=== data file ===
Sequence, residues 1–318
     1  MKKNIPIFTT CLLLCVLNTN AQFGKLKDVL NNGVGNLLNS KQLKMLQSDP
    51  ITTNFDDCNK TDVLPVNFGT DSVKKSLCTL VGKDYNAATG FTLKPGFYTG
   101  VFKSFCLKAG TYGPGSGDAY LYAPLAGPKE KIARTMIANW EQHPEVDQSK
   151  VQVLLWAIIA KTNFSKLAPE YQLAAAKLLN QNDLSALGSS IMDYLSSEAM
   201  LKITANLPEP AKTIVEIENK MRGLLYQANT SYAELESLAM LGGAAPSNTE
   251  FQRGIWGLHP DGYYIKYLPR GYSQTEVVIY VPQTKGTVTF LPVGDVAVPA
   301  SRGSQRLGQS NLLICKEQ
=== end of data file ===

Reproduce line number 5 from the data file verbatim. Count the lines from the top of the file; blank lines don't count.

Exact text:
   151  VQVLLWAIIA KTNFSKLAPE YQLAAAKLLN QNDLSALGSS IMDYLSSEAM